1894. Eddie and Aunt Susie are to watch with him tonight. We learn that Dr. Harvey of Galt died very suddenly on Wednesday last, having been sick but a few hours. He has been one of the most prominent men of Galt, being public - spirited and doing many things for the improvement of the town. Have written to Ada and received letters from Ida and Will Cooke. The storm has been very severe in Humboldt Co. and Eel River is at flood height. A portion of Rio Dell, on its banks, is over flowed, the water standing up to the window - sills in some of the lowest houses. Formerly Ida's fine colt Senator from his mare Nellie was stolen from the pasture. Now a worse fate has befallen her colt Nellie, coming three years old. Mr. Papa, a friend, who keeps a dairy ranch near Field's Landing not far firm Eureka, agreed to break her to drive in a milk wagon, so he was boarding her, and had her tied with his horses and eleven cows in his stable. In the night, some miscreant fired the stable, and cows and horses alike perished. So the second colt is a total loss also. Worse than that, Ida still has to pay a pasture bill she owes for her. Will Cooke is at work in Tulare. (T.S.R. 28. 2 P.M. 44. S.S. 42.)
Jan. 20. Saturday. Weather still very rainy. Howard will watch with Uncle tonight. Received letters from Horace, Willie and Calvin. (T.S.R. 39. 2 P.M. 43. S.S. 44.)
Jan. 21. Sabbath. The morning was rainy and the day cloudy. Have been closely by the bedside of Uncle all day. He is very feeble indeed. Has been so that he could not turn him self in bed or hardly change his position at all. The men have to lift him about. He says he does not suffer much pain. His mind has been a little week at times, but he has been able to talk most of the day in a rational way.
1894. I have read to him at intervals. This evening Mr. McLean came in to see him, and inquired how he was. He says, "I'm here yet, but I wonder at it. I've expected to go long before this. I hope to have patience to wait." Luther will watch with him tonight. I have told him, if he noticed any change in Uncle, to call me at once. Received a letter from Eunice. (T.S.R. 45. 2 P.M. 58. S.S. 54.)
Jan. 22. Monday. Still cloudy. About five o'clock this morning, Luther called me to say he thought Uncle had breathed his last, and so he had. He did not call me sooner, because Uncle was breathing so quietly he thought him sleeping. He says he seemed quite uneasy, although not complaining of pain, until about one o'clock, when he composed himself and said he thought he should sleep, and then he probably, began to die, breathing more and more quietly until it could hardly be told when the last breath came. It is just three mos. today since he sat up the last time, and he is wasted almost to a skeleton. We think we will have his funeral next Wednes. and Howard has gone to Stockton to arrange to have the services in the Congl. Church, presided over by Mr. Sink, after first a short service here in the morning. Also he will get the deed recorded, wherein Uncle made over to me his Real Estate in Stockton, which I am to try to dispose of to cover his sickness and burial expenses. He also gave me his mare Jenny. If he had lived till the third of March he would have been 84 years old. His Mother, had she lived eighteen months longer, would have been 100 years old. (T.S.R. 45. 2 P.M. 56. S.S. 50.)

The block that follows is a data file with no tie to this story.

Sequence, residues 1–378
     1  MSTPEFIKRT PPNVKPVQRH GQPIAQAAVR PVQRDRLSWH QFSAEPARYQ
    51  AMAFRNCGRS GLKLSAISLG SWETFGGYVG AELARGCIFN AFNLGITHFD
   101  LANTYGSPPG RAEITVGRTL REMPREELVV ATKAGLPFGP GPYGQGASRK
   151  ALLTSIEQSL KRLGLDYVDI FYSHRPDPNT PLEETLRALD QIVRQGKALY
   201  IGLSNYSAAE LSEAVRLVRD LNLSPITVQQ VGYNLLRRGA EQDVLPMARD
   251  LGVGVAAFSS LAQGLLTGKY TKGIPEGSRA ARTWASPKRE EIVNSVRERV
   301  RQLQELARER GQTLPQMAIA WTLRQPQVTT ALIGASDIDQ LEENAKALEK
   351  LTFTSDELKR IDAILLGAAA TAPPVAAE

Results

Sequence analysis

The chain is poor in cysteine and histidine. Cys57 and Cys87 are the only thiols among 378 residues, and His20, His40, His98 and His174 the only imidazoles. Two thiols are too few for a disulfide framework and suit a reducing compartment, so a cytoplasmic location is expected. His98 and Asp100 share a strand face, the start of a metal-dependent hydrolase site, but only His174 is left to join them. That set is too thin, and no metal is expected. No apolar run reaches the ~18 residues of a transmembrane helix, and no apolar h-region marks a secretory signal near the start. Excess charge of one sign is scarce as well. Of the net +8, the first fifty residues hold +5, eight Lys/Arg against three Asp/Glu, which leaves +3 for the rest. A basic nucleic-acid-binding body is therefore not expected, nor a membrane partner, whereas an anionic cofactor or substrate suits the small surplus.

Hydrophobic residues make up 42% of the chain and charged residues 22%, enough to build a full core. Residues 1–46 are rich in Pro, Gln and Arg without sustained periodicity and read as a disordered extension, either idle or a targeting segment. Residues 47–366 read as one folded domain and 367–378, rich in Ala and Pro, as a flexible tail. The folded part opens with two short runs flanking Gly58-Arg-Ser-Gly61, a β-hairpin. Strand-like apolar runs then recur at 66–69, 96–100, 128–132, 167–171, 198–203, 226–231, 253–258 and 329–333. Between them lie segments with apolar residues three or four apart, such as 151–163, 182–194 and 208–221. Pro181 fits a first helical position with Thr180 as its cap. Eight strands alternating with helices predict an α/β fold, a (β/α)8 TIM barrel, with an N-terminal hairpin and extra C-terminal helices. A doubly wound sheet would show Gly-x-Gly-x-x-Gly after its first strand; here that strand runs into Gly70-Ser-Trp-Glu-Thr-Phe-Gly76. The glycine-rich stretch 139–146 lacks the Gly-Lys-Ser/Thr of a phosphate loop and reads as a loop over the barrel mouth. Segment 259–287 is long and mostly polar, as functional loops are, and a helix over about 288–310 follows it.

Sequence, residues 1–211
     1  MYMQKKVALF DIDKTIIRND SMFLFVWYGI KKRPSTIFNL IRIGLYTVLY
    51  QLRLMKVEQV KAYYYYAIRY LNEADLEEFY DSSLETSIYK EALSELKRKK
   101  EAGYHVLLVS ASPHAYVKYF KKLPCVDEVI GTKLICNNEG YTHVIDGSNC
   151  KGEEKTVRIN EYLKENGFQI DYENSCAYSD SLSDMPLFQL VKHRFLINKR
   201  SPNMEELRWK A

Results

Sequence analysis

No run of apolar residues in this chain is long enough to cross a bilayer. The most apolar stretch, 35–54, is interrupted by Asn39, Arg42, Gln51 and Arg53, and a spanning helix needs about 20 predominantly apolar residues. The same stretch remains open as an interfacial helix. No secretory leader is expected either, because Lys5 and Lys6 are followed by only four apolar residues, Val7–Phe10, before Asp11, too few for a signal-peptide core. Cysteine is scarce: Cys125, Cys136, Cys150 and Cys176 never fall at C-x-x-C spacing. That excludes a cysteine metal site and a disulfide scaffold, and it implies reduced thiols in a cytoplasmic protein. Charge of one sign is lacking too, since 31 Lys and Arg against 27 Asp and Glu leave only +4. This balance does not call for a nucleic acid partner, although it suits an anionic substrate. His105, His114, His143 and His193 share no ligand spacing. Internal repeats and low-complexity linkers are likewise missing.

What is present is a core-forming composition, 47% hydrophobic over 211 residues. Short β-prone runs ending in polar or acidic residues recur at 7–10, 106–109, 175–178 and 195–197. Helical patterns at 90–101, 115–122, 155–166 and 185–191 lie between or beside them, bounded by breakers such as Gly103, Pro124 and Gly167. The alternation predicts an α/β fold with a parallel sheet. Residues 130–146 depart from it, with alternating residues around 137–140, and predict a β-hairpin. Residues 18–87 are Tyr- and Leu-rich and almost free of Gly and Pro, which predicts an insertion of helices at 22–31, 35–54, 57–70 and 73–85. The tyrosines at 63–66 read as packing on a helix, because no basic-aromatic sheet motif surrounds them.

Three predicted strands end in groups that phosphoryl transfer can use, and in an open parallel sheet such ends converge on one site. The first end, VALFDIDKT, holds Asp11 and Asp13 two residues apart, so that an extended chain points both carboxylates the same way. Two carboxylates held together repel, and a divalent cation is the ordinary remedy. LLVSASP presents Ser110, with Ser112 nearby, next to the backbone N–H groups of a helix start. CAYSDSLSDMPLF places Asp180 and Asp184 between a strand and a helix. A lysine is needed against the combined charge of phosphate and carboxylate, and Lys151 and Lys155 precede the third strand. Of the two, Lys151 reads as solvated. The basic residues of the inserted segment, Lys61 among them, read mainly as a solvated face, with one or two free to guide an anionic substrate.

Jan. 23. Tuesday. The forenoon was a little cloudy. Rev. Sink wrote me saying Uncle told me he had arranged an order of exercises for his funeral, and he wished me to send it to him. Strange Uncle never told me of it, I thought, and it seemed to me
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Delia Locke, diaries, women, diarist, California, Locke-Hammond Family Papers, Lockeford, CA, Dean Jewett Locke, rural life, rural California, 19th Century, church, temperance organizations, Mokelumne River Ladies' Sewing Circle, temperature recordings, journal